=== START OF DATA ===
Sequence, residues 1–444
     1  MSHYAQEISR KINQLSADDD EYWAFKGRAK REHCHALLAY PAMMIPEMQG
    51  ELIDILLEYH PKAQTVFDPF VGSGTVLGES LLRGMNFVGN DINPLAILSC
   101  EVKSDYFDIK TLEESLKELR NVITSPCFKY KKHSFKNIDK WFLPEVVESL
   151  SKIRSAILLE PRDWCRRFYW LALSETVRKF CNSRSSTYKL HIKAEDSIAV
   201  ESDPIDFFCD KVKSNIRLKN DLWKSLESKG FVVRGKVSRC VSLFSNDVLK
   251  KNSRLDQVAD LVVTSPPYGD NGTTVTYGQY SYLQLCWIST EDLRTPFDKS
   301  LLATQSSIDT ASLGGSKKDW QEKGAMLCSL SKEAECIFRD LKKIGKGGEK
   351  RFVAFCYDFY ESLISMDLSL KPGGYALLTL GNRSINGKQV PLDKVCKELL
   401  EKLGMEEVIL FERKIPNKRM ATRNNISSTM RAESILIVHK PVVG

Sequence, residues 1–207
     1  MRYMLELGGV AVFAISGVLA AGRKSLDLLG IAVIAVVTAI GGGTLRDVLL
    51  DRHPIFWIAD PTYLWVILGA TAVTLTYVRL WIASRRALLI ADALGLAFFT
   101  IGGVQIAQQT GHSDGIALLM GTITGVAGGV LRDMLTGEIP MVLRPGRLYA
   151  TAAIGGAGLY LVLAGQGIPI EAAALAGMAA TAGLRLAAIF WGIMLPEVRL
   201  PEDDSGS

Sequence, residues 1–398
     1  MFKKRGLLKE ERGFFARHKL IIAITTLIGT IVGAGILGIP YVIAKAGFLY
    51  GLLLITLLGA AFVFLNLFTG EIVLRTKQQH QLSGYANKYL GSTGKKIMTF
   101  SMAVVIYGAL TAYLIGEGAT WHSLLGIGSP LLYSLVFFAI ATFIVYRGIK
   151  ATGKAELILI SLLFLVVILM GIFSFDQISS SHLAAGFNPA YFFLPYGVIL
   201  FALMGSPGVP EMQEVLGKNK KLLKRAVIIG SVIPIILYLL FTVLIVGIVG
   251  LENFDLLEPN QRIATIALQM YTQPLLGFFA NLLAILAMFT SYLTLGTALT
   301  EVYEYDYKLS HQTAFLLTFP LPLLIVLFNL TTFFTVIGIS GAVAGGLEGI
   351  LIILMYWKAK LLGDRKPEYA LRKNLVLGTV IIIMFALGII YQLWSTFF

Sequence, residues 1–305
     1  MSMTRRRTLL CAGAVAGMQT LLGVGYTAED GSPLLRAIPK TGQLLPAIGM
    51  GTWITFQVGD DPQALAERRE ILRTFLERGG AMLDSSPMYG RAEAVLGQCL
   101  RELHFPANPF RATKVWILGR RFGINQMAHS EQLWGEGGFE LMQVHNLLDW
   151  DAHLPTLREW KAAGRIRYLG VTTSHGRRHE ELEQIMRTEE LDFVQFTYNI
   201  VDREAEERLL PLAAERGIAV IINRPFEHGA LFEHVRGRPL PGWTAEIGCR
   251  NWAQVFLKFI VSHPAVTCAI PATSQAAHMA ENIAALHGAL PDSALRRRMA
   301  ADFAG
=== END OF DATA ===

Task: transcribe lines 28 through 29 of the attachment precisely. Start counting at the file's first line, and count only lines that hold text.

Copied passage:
    51  GTWITFQVGD DPQALAERRE ILRTFLERGG AMLDSSPMYG RAEAVLGQCL
   101  RELHFPANPF RATKVWILGR RFGINQMAHS EQLWGEGGFE LMQVHNLLDW